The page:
GCSE Revision Secondary Secondary Technology

Secondary Technology – Revision Games

When it comes to exams, I often find that a lot of my pupils struggle to revise for Design & Technology, finding their practical experiences hard to associate it with written exams! In lessons, they enjoy the practical side of the subject but often find sitting down and concentrating without distracting each other a challenge. I have developed several basic revision games to use with my pupils as a “reward” for revising quietly for 10 minutes. These often work as great starters to lessons especially if the pupils are in a particularly “unsettled” mood!

  1. “Confidence”. Pupils sit and revise a certain subject (of their choice) in silence for 10 minutes. I often put a countdown clock on the board to stop them asking how long is left! Once the time is up the pupils have to stand in a circle around a desk. The idea of the game is that the pupils have to recite some of the information they have just learnt. I often kick the game off by asking the pupil to my left a question on what they have just been revising, e.g. name a type of hardwood. That pupil then has to decide if they can name a hardwood. If they can they say, for instance, “I can name two types of hardwood”. The pupil to their left then has to decide if they can name three types of hardwood and so on. However, if a pupil is not looking very confident about their statement, e.g. “I can name seven types of hardwood” then the next pupil can “call” them on their statement and the pupil who has been called has to recite the seven types of hardwood. If they correctly recite what they have been “called” on they get a prize if not the person who “called” gets to recite the correct answer.

Admittedly from my description the game does sound quite complicated but it’s not and the pupils get the hang of it quite quickly after a few goes. The game involves all the pupils as they never know when they are going to be “called” so it ensures that they are all thinking of the answer to the question rather than just sitting in their seats and nodding off when you just fire questions out to pupils in the class!

  • Technology Word Association game. This game improves pupils’ subject knowledge and is a useful game when it comes to revising. Pupils are given 5 minutes to revise a certain subject. Again I then get them to stand in a circle around a desk. I usually then fire off a word to one of the pupils about what they have just been revising. E.g. hardwood. The pupil I point at then has to say a related word. e.g. oak and at the same time point to another pupil in the circle. That pupil then needs to say a related word and point to someone else. If one of the pupils can’t think of a word or hesitates, then they are “out” and have to sit down. The winner is the pupil left standing at the end of the game. If you have a large group it might be an idea to hand out a prize as you go rather than getting the loser to sit down. This game also works well as a lesson plenary and could be based on the lesson’s key words.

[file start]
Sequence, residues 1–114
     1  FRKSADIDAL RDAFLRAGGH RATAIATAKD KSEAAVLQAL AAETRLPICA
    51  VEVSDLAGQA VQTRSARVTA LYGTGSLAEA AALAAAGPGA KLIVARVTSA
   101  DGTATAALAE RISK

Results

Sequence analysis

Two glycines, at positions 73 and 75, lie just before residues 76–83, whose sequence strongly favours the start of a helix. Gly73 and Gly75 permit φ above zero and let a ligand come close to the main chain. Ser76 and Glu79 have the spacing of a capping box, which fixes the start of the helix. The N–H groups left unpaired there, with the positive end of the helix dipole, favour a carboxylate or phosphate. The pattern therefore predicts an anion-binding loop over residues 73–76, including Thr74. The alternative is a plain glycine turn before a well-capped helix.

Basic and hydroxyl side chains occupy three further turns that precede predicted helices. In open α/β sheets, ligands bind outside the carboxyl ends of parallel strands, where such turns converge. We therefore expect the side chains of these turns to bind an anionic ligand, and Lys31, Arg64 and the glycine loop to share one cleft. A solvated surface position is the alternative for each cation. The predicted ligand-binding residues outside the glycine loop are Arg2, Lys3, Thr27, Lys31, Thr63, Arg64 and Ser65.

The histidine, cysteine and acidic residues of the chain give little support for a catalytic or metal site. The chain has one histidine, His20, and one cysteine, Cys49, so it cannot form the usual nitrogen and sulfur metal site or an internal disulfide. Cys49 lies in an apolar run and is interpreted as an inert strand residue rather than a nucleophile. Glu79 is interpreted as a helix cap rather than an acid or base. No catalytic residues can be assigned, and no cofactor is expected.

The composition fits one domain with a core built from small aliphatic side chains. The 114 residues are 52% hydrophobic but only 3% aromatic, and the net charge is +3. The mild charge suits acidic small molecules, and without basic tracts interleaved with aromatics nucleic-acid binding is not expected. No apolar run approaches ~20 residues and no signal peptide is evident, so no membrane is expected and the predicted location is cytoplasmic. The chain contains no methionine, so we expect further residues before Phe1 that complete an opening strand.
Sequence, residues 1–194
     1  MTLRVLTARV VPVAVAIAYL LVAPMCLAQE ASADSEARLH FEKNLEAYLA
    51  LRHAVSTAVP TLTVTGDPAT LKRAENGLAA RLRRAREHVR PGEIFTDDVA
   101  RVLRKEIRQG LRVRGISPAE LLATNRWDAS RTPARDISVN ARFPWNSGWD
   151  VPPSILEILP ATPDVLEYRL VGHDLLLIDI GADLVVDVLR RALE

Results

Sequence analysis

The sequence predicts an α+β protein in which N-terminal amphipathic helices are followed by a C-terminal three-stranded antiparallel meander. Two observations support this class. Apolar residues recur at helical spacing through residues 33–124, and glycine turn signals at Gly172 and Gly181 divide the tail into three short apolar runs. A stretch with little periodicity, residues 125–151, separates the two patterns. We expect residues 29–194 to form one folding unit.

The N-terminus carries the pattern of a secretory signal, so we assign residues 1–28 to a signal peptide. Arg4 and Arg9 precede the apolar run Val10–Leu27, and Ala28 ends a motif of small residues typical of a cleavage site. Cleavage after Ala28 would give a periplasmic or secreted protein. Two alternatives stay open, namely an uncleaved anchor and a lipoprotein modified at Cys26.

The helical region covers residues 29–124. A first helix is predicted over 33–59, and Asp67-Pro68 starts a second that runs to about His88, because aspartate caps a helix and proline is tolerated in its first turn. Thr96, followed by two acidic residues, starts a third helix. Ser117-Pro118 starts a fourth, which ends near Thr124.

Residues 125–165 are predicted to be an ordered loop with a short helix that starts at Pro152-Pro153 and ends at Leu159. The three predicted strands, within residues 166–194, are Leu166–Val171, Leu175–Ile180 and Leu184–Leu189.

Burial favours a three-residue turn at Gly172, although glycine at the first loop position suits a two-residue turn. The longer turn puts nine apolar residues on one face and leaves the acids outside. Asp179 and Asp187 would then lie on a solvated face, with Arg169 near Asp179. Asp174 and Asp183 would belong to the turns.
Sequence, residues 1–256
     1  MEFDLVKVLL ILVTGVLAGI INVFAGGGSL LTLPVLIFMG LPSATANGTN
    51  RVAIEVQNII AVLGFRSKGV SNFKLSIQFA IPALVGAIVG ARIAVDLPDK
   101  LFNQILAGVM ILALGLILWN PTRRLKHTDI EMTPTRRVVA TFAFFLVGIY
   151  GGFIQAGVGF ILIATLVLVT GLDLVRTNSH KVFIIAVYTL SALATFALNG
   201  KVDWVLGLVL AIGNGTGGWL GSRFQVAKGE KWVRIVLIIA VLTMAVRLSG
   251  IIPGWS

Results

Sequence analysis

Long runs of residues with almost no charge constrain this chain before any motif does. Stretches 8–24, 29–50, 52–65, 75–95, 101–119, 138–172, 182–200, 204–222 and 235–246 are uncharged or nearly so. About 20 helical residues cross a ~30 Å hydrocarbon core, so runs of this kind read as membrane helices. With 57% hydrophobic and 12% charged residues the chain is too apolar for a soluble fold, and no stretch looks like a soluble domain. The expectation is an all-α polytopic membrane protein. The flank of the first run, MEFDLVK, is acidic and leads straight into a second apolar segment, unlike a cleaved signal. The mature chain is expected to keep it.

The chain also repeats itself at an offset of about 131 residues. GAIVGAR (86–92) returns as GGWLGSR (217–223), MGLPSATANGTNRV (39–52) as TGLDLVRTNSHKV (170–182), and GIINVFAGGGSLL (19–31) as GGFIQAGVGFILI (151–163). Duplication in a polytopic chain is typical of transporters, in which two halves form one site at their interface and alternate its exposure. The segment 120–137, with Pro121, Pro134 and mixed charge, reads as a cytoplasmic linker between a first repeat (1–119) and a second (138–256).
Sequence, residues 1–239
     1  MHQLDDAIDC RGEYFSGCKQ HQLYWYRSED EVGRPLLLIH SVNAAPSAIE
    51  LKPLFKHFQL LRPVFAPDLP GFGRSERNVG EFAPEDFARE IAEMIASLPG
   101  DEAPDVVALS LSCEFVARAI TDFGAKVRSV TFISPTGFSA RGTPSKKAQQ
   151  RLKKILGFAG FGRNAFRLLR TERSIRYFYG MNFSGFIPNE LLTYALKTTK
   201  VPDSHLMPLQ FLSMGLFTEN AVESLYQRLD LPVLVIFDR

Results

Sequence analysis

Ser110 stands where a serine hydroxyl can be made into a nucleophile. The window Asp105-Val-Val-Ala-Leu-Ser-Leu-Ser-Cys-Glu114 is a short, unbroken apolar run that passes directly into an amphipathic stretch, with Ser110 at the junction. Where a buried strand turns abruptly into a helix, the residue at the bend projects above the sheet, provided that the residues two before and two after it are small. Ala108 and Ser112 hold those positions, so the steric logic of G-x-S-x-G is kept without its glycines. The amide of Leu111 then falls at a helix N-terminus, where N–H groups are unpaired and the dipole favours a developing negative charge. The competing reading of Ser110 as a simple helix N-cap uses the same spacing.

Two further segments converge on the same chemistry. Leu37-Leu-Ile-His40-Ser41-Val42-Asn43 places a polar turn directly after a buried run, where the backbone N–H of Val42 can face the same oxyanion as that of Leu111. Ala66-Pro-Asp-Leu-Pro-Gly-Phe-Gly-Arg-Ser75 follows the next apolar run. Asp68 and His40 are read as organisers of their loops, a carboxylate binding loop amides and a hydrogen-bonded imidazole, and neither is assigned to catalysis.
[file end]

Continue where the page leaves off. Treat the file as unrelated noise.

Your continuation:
• Picture, word and description matching exercise game. This game is simple. Pupils have to revise a certain topic for 10 minutes then they are given a set of cards (you’ll have had to make these in advance!). You can make these quite basic – you’ll need a set of pictures associated to the topic that the pupils are revising (i.e an LED), a set of words (to match the pictures) and a set of matching descriptions, which should all be shuffled up. The pupils then need to match up the set of cards again! I find this game works best if the pupils work in teams of 2 or 3, with the prize going to the team that gets all the answers right first (though if they submit an incorrect set of answers they are disqualified from the prize to stop students just guessing!) This activity works really well to encourage peer assessment and also group discussion.
James Randall
Technology Teacher, Barking Abbey High School

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